Not All Genetic Tests Are Created Equal
Genetic Testing

Not All Genetic Tests Are Created Equal

Brenna Bentley, CGC

A number of factors play a role in deciding whether or not genetic testing is the right fit for you. Genetic privacy should be one of them.

A new article in Forbes outlines what you need to know about life insurance and your genetic test results.

The Genetic Information Non-discrimination Act (GINA) was passed in 2008 and protects your genetic information from employer and health insurance discrimination. But unfortunately, GINA is limited. Life insurance, long-term care, and disability are excluded, as well as members of specific populations (military, federal employees, etc.). This lack of complete coverage leaves many individuals wondering how their genetic information will be used by insurance companies.

With this, it’s important to keep in mind that not all genetic tests are created equal.

Direct-to-consumer (DTC) genetic tests, such as 23andMe, have been proven unreliable in terms of accuracy. One study published in Genetics in Medicine showed that 40% of DTC results were false-positive, meaning the result indicated a condition was present when in fact it was not.

Furthermore, these tests usually do not indicate a clinical diagnosis, and instead, may indicate an increased risk to develop a particular condition. Anyone who has received a health finding after a DTC test should speak to a physician or genetic counselor about confirming their result through a clinical test.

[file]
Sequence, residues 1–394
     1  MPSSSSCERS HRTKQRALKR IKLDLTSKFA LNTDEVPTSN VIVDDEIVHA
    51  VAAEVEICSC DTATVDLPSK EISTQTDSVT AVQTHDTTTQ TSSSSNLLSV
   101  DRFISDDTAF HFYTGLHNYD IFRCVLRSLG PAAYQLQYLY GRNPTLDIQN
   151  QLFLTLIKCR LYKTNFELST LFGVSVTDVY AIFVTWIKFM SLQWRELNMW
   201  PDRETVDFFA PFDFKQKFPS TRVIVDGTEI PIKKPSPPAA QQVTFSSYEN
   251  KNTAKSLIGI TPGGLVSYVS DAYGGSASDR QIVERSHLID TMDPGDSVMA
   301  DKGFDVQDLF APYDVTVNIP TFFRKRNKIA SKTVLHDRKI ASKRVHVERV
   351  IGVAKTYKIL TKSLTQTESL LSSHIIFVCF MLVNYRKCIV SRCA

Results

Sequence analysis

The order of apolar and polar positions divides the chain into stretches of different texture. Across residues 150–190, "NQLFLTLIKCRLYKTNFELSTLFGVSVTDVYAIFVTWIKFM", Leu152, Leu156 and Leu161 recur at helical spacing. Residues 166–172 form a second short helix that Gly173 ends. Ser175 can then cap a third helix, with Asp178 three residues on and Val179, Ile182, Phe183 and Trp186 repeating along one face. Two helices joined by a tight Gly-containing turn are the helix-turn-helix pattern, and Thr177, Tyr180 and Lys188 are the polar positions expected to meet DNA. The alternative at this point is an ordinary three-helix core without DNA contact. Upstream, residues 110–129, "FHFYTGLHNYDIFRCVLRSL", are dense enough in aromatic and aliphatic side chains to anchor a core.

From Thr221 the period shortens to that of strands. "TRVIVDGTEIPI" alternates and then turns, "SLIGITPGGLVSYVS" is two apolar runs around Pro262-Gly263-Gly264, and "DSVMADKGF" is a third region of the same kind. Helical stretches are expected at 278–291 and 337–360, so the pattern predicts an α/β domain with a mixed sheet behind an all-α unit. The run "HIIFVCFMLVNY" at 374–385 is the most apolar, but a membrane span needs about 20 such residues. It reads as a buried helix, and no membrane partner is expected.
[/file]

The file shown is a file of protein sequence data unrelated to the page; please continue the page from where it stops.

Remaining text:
Individuals are always encouraged to undergo genetic testing with guidance of a physician or genetic counselor. The provider can review the benefits, limitations, and reliability of DTC testing, and determine what test is most appropriate. Guidance to interpret the results is also provided.

Luckily, when determining coverage, insurers are most interested in genetic tests that are ordered by a qualified medical provider and are considered a diagnostic tool. Furthermore, actual disease always outweighs risk for disease, so if you’ve already been diagnosed with a serious health condition, the results of genetic testing are unlikely to significantly alter your policy.

Purchasing life insurance prior to any type of genetic testing is always an option, but don’t let this prevent you from obtaining genetic testing that could lead to better, more proactive care, especially if it can reduce or prevent a serious complication from occurring.

If you are concerned about your privacy rights, talk to your physician or genetic counselor. If you already have a positive genetic test result, it is encouraged to shop multiple insurance carriers, as risk can be interpreted differently by each insurance company.

Join the conversation.